By Glenn Kessler
Washington Post Staff Writer
Friday, February 16, 2007
Secretary of State Condoleezza Rice said yesterday that the formation of a Palestinian unity government that includes the Hamas militant group complicates her high-profile peace mission this weekend, strongly suggesting that the new government falls short of standards that would allow a resumption of international aid.
"Our position toward the Hamas government was very clear: It did not meet the international test," Rice told a group of newspaper reporters on the eve of her departure. "I have to say that we have not yet seen any evidence that this one will."
Rice added, "I don't deny that it's more complicated" now and that before the announcement of the unity government "it was clear, more black and white."
With prodding by Saudi Arabia, Palestinian Authority President Mahmoud Abbas last week reached a deal with his Hamas rivals that would bring Abbas's Fatah party into the government. Yesterday, Abbas formally asked Palestinian Prime Minister Ismail Haniyeh, of Hamas, to assemble the next cabinet.
Abbas's move has placed the United States in a quandary because, under Rice's formulation, he is a "mainstream" leader, while Hamas is an "extremist" group that needs to be isolated. The Bush administration has pushed a plan to bolster security forces loyal to Abbas in part because Hamas's security forces have gained strength, but at the same time the administration has said it wants an end to violence between Hamas and Fatah that has left scores dead. The unity accord is intended to end street battles between the factions.
After a weekend of meeting separately with Israeli and Palestinian officials, Rice intends to bring together Abbas and Israeli Prime Minister Ehud Olmert on Monday for a lengthy series of talks on the contours of a Palestinian state -- what she calls "the political horizon." She will then travel to Amman, Jordan, for meetings with Arab officials before flying to Berlin. There, she will meet with the other members of the "Quartet" -- Russia, the European Union and the United Nations-- which monitors Middle East peace and sets the conditions on aid to the Palestinians.
Rice's hope is that the "political horizon" will provide a vision for a Palestinian state that will inspire the Palestinians, strengthen Abbas and reduce the influence of anti-Israeli militants such as Hamas. The Palestinian people need to "know what is at stake for them in the future," Rice said. "Without a political horizon, it is going to be difficult to show why this course, the course of Abu Mazen, is better than other courses." Abu Mazen is Abbas's nickname.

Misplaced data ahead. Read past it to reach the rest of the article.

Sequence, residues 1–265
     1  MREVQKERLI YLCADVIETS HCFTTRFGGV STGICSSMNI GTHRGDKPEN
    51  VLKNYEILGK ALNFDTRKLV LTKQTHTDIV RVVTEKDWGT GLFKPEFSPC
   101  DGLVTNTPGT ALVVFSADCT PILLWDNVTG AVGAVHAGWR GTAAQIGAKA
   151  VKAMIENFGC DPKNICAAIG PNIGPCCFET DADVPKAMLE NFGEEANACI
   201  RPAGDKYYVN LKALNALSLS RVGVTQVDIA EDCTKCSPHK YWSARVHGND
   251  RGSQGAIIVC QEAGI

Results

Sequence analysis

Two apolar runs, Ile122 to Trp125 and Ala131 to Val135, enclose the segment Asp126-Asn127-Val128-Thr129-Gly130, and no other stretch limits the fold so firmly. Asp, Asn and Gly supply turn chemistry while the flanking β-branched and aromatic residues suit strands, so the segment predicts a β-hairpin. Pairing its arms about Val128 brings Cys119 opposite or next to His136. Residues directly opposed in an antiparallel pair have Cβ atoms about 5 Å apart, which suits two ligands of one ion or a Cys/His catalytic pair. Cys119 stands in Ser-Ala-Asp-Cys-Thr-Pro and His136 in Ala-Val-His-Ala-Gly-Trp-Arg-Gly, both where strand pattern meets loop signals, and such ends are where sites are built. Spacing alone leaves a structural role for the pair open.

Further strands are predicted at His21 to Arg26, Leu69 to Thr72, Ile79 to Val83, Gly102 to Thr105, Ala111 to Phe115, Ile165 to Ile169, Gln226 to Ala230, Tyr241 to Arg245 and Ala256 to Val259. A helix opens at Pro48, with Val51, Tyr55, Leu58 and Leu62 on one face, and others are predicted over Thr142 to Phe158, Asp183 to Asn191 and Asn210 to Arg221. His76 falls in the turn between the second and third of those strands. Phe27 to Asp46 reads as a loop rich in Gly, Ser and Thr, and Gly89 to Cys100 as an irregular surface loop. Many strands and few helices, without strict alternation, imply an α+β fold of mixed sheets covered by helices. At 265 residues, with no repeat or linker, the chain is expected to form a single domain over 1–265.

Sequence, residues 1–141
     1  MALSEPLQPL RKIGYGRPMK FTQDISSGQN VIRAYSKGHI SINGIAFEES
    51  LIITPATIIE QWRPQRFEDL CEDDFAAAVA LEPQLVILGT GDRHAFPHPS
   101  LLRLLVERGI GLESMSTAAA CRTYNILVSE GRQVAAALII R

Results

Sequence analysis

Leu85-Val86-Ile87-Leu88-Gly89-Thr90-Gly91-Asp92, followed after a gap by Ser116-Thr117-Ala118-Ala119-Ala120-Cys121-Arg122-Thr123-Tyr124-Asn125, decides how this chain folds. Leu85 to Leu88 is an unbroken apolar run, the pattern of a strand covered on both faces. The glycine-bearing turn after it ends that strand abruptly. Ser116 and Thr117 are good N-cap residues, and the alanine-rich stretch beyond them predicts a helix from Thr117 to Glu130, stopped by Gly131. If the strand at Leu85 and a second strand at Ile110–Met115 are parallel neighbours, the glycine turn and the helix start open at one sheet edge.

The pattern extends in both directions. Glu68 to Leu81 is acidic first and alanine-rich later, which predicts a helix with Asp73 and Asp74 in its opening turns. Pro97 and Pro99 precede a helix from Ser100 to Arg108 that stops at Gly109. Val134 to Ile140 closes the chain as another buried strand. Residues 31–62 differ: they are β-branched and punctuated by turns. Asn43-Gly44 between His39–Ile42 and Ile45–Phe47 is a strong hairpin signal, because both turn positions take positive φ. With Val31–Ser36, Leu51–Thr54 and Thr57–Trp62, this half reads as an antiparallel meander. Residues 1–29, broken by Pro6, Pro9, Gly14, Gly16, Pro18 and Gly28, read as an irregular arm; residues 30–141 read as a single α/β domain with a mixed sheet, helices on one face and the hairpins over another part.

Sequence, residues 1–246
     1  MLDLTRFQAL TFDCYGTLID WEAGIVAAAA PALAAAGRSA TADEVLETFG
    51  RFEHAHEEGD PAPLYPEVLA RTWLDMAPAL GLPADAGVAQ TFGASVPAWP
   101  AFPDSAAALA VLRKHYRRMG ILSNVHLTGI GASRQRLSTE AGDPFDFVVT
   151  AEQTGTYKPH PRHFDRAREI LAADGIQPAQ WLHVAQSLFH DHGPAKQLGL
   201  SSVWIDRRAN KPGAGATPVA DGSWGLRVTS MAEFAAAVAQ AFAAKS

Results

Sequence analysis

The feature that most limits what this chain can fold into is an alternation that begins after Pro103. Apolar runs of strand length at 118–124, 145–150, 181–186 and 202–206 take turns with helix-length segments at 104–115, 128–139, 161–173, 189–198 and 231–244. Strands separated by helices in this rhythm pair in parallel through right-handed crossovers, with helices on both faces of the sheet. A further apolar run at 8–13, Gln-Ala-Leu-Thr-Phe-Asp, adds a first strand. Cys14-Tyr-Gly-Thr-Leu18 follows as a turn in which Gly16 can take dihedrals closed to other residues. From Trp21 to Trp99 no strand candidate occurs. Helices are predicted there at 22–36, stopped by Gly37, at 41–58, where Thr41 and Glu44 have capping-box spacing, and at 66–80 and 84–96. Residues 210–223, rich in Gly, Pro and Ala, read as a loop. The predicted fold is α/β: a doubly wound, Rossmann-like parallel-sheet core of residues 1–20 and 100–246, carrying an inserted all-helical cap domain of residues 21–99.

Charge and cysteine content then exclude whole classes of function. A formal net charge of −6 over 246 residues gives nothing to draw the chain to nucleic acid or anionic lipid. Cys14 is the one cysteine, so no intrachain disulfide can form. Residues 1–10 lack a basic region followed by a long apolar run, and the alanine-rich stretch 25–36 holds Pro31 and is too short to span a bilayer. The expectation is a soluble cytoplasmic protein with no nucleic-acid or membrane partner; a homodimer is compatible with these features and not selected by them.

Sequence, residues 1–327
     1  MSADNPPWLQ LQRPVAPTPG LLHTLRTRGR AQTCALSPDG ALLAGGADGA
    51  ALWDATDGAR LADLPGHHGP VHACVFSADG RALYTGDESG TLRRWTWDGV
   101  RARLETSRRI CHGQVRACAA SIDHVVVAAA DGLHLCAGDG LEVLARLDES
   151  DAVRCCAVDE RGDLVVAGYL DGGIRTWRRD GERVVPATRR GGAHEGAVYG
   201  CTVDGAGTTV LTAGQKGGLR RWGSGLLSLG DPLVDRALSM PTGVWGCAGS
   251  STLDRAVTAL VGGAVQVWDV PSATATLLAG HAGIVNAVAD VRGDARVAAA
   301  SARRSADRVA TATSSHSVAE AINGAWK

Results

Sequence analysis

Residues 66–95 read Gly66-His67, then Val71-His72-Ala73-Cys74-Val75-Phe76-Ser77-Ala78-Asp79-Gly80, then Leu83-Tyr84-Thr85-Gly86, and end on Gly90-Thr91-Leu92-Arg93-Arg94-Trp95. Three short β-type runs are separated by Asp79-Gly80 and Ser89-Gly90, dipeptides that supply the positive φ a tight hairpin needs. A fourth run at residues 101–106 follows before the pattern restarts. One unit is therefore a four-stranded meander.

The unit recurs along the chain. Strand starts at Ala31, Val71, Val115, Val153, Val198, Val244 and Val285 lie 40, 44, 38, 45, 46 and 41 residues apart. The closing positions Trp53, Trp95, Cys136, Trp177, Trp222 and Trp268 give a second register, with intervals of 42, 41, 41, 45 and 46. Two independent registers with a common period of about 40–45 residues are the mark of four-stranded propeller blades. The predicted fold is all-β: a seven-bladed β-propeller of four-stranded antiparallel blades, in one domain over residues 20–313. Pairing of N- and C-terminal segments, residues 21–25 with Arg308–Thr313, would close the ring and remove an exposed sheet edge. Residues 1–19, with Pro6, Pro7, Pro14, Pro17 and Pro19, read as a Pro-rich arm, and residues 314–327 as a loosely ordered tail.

Rice also hopes to prod Arab governments to begin the process of recognizing Israel as progress is made with the Palestinians -- a way of strengthening Olmert, who suffers from low public approval ratings. The "political horizon has to include them, and it has to include a relationship between them and Israel," Rice said, referring to Arab states.
Few details of the Palestinian unity agreement have been released, except a vague statement in which Abbas called upon Hamas to "respect international resolutions," which appeared to fall far short of international demands that the new government pledge to recognize Israel, renounce violence and abide by previous agreements signed by the Palestinian Authority. Hamas officials later told reporters that the movement has no intention of ever recognizing Israel.
Abbas aides hoped the unity accord would end the international boycott, but U.S. officials have made it clear in recent days that they will not deal with the new government as long as it does not meet the three conditions. Israeli officials have been very critical of Abbas's decision, saying it sets back the chances of reaching a peace agreement.
In the interview, Rice repeatedly defended Abbas, calling him "someone who has devoted his whole life to nonviolence," and said that no matter what happens with the unity government, the United States will continue to work with him because he has accepted the conditions. "It would be a very big mistake to not continue to deal with him," she said.
Rice said she is traveling to the region because "it is important to inject energy and confidence" in the dealings between Olmert and Abbas. Despite the uncertainty over the new government, "in the Middle East, if you wait for the perfect circumstances, I think you would probably never take the airplane," Rice said. "I am not going to let the fact that the circumstances are not perfect at this particular point in time delay what I think is extremely important work to be done."